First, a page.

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Tinker Elves: The Gifts That Keep Giving 

Adopting the “one person’s trash is another person’s treasure” mantra, the nonprofit gives away refurbished presents. 

Christmas can be a very stressful time for families with limited funds. Managing the ever-growing Christmas list of kids while maintaining a household can be daunting.

However, adopting the “one person’s trash is another person’s treasure” mantra, Danny Hamilton of Slidell, Louisiana, started Tinker Elves in 2012. The nonprofit collects bikes, toys, swing sets and other kid-friendly items being disposed of by one family, restores them and then distributes them to families in need.

Tinker Elves has grown exponentially over the years, thanks to consistent help from the community, and succeeds in keeping the “merry” in Christmas for many families in south Louisiana.

Zenger recently spoke with Hamilton about the organization’s mission, how his troubled past helped spark the idea for its creation, and much more.

Percy Crawford interviewed Danny Hamilton for Zenger.

Zenger: How did Tinker Elves come about?

Hamilton: When I was in prison at Concordia Parish, the sheriff’s office there collected bikes, and that’s what I did when I was locked up. That’s where I got the idea from. I hung on to that until I finally bought my house, and that gave me an area to do it.

Zenger: It started out as refurbished objects, but recently it seems you are getting new gifts to pass along to families in need as well.

Percy Crawford interviewed Danny Hamilton for Zenger. (Heidi Malone/Zenger)

Hamilton: Yeah, we’re getting a lot more quality stuff. The name’s getting out there more and that’s prompting people to donate more quality items. We start collecting November 1st, and within six weeks, we had collected about 200 bikes, and I don’t even know how to put a number on the amount of toys. We got 20 flatscreen TVs with money donated. We bought them from a hotel on St. Charles Avenue. They put all new TVs in their rooms, so we bought their old ones. I will be passing those out to teenagers. We wrote their names down, and I will get those out this week.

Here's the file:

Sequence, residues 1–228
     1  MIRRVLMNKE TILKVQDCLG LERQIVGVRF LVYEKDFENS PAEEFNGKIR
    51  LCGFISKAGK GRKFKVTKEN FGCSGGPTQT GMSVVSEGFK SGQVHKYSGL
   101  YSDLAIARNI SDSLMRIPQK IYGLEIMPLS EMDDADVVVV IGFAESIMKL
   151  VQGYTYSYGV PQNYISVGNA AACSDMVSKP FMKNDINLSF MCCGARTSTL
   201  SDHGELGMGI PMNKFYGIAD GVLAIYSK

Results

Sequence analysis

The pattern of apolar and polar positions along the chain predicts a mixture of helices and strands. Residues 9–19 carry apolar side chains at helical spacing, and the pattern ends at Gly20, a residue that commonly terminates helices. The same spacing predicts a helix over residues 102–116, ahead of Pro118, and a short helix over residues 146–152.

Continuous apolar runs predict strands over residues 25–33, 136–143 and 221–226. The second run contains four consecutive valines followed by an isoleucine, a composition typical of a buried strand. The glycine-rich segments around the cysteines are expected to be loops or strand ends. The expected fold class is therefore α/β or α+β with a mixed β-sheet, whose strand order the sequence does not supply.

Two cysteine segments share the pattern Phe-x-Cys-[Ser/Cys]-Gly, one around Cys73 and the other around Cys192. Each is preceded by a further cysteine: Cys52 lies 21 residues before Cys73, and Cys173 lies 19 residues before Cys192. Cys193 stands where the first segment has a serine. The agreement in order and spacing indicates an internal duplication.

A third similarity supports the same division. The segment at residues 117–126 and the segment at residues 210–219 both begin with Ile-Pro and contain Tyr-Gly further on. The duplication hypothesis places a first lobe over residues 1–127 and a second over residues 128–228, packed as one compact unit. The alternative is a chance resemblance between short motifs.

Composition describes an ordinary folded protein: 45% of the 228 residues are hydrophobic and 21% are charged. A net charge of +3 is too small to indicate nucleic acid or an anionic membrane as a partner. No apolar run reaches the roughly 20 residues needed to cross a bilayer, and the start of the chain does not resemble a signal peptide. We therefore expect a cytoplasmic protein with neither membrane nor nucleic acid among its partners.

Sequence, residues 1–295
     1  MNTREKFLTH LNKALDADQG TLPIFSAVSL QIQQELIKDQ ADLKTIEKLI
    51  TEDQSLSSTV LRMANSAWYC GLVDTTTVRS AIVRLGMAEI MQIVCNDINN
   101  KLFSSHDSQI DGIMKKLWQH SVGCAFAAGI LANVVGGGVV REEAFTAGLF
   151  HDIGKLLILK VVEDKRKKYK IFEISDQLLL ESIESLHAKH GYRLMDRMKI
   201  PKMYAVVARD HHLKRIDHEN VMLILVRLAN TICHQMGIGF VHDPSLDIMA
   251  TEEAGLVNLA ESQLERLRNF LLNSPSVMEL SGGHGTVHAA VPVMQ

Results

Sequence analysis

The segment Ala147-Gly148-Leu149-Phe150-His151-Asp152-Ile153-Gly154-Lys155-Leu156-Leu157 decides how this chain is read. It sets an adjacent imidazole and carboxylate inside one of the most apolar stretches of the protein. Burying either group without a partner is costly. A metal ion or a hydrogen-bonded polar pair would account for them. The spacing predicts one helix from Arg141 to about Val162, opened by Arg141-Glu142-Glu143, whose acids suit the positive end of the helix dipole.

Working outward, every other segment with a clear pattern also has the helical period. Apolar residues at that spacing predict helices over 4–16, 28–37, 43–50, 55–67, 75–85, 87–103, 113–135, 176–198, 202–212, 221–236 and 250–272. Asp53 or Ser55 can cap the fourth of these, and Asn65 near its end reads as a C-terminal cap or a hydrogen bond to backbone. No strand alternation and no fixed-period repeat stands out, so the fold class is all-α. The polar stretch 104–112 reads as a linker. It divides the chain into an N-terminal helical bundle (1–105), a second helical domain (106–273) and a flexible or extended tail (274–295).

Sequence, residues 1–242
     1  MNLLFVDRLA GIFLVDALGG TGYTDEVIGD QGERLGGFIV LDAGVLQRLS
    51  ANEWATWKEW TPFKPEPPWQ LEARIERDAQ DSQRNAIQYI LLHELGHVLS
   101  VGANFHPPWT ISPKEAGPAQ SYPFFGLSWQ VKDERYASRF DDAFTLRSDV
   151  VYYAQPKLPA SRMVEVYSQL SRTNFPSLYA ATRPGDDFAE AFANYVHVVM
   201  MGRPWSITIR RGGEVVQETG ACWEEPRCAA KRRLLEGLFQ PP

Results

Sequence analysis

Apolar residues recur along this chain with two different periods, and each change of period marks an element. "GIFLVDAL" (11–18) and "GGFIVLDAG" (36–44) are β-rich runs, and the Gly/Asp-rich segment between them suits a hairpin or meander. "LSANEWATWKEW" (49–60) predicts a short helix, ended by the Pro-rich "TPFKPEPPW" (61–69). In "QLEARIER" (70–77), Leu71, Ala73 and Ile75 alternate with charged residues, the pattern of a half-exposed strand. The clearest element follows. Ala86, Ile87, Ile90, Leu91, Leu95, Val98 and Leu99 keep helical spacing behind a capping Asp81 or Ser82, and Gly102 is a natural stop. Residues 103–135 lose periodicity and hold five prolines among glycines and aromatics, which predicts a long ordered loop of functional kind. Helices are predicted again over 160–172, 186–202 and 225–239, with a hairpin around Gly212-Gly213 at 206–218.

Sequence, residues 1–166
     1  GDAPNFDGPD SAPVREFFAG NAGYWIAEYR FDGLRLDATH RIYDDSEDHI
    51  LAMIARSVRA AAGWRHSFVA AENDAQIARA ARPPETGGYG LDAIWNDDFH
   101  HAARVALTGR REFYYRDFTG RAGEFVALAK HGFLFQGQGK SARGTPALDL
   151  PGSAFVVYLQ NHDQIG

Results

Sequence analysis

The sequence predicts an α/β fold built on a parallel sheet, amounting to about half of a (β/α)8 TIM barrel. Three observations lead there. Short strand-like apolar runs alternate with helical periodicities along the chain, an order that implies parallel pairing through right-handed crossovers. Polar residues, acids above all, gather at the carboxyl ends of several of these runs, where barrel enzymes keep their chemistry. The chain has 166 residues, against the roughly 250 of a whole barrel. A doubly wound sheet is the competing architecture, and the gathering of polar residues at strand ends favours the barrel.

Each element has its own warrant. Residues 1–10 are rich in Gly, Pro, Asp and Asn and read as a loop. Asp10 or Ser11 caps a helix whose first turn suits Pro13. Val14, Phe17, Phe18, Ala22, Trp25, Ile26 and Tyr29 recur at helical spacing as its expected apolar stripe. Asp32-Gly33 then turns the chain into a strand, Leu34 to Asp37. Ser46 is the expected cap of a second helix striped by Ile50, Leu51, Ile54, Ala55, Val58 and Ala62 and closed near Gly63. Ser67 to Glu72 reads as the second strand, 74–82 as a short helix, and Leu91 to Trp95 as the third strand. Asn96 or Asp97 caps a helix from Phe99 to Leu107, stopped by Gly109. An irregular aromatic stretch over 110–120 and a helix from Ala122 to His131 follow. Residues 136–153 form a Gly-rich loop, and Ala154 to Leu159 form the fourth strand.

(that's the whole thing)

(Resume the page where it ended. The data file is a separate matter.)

Zenger: What is the best method for a family to go about getting help from Tinker Elves?

Hamilton: The best way to contact us is through Facebook, our Tinker Elves page. … The month of November we do our registration. They message our page, we ask them to leave a phone number, the kids’ age, and gender. My mom [Donna Cox] calls everyone back, and gives them an appointment time to come on the day of the giveaway. (That date is already past for this year, having taken place Dec. 12.)

Zenger: You are approaching a decade since having formed Tinker Elves. Are you surprised at the participation and the growth of the organization?

Hamilton: Until someone asked me that last year, I didn’t even recognize how big it really had grown. I enjoy it every year. It’s always something new. It’s good because we get new families every year. We get a handful of the same families, but it’s more new faces every year. People are doing well, and doing better, so they don’t need us every year. It’s new faces.

Zenger: I know you can’t do this by yourself. The community steps in and helps. I’ll give you the opportunity to name some of the people and companies that assist with this annually.

Hamilton: Jennifer Jennings, she’s been there from the beginning. My mom, Donna Cox, has always been there. Crystal and Nina [Favalora] are a big help. They take care of the toy department. Vernon Shields, Veronica [Ferman], but there are multiple people that come out and help. We meet up at my house on the weekends and clean every toy, Lysol, disinfect everything, and we work on the bikes.

This year, a lot of local businesses got involved. And that has helped out a lot, because we really don’t operate off of money. Just elbow grease and what the community gives. We only can give what we get. When these businesses stepped in, we were able to get some storage units this year, and that helped us big time. The Fisk Foundation has been helping us for a few years now, with boxes, an 18-wheeler that we use to store all of our cleaning supplies, and Engel & Volkers [a real estate firm] collected a lot of great stuff for us. Stanley-Wallace Law came in this year, and rented the storage units for us. It’s coming along.